Frankfurt — Volkswagen AG is considering building a battery cell plant in Germany that could rival Tesla's "Gigafactory" as the automaker looks to sell 1 million electric vehicles and plug-in hybrids by 2025.
VW may invest as much as 10 billion euros ($11 billion) in the plant, according to press reports.
VW's finance chief, Frank Witter, said no decisions have been taken on the factory. "We have various scenarios in our strategic discussions and we certainly consider something like that to be a possible outcome," he said during an earnings call on Tuesday.
Germany's dpa news agency first reported on the battery cell plant earlier this week, saying a potential location was Salzgitter, 33 miles south of VW's headquarters in Wolfsburg, Germany. The agency quoted company sources.
VW has estimated that it will have to sell 1 million electrified cars across the group annually, whether battery-powered cars or plug-in hybrid vehicles, by 2025 to meet future increasingly stringent CO2 emission targets in its key markets such as Europe and China.
Individual battery cells use plastic film, while plastics also are used in connectors, frames and may be used as the housing for the battery pack in each car.
By 2020, VW plans to introduce 20 new electric and plug-in hybrid cars including two Tesla fighters — Porsche's Mission E electric car and the Audi e-tron quattro. Currently, the 12-brand group sells the VW e-Up and e-Golf and the Audi R8 e-tron electric cars, as well as plug-in hybrid versions of the VW Golf and Passat, Audi A3 and Q7, and Porsche Panamera and Cayenne.
With just 12,140 electric Golfs scheduled for production this year, roughly 1 percent of all Golf output, VW needs to make far greater inroads into affordable zero-emission electro-mobility to meet regulatory targets.
Witter said EV and battery technology was "critical" to VW and that the company was discussing very carefully what was strategically important to manufacture in-house.
He declined to provide further details over the potential amount the group might invest, nor would he say whether the plant would also manufacture the rechargeable cells used for powering electric vehicles. After Daimler closed its Li-Tec cell factory at the end of last year amid a global glut, Germany has lacked a manufacturing plant for one of the most important battery components.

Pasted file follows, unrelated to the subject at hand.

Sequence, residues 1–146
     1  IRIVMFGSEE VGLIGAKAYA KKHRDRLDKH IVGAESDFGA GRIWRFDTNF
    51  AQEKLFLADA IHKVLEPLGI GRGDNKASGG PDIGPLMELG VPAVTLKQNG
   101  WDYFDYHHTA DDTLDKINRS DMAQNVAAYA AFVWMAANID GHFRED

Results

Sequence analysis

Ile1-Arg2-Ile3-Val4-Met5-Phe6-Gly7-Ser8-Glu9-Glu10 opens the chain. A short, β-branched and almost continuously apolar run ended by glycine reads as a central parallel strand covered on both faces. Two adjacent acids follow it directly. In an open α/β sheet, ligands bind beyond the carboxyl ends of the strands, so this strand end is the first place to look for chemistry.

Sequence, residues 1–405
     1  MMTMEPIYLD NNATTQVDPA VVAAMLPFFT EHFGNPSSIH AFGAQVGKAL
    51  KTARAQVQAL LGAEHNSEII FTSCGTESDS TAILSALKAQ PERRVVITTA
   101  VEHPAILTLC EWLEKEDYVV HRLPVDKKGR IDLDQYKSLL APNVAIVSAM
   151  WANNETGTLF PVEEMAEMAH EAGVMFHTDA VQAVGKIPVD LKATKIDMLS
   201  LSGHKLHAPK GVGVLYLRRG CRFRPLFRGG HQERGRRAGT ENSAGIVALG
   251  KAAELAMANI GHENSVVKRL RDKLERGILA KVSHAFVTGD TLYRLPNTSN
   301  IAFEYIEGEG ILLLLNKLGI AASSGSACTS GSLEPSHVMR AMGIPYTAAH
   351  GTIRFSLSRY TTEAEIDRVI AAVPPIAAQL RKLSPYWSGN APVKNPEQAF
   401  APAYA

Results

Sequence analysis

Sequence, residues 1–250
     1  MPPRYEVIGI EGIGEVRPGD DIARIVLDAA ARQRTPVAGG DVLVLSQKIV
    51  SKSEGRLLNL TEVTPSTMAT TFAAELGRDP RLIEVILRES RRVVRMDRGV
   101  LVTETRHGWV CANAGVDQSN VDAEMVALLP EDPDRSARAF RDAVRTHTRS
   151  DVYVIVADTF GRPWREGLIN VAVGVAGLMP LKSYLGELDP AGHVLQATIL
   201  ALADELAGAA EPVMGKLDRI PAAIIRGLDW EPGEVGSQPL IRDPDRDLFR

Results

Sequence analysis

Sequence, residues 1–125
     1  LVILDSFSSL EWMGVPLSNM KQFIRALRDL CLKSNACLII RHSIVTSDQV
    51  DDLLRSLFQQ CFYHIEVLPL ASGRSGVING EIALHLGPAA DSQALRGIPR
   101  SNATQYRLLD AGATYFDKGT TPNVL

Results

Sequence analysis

Most automakers assemble their own packs for high-voltage traction batteries needed in electric cars. Those for the e-Golf are made in VW's factory in Brunswick, Germany while Audi's e-tron quattro will source batteries from in the same plant in Belgium where the electric vehicle will be built.
Daimler said in March it would invest half a billion euros to double the capacity of its battery pack production site in the former East Germany.
Battery production is expensive, with costs estimated currently at around 200 euros ($223) for each of the 40 kilowatt-hours needed to power a conventional electric car. This is in part because many still remain vehicle-specific, a factor that dramatically limits economies of scale.
This could change once dedicated electric cars roll off Volkswagen's modular MEB platform, a cost-optimized architecture under development for 2019. Engineers say packs will look like tablets of chocolate: essentially flat, portioned into identical units to increase scalability, and flexible in length and width to match the size and range requirements of a particular vehicle.
Tesla has estimated that to meet its 500,000 annual production target in the latter half of this decade, it would use all of today's available global lithium-ion battery capacity. Its "Gigafactory" currently under construction in Nevada is expected to start manufacturing in 2017 and eventually increase its output to 35 gigawatt-hours of cells and 50 GWh of packs per year by 2020, which will be used to power the brand's upcoming Model 3 mass-market electric car.
To limit the financial risks, Tesla is splitting the investment with Japan's Panasonic, which will supply the cells that Tesla then assembles into finished packs.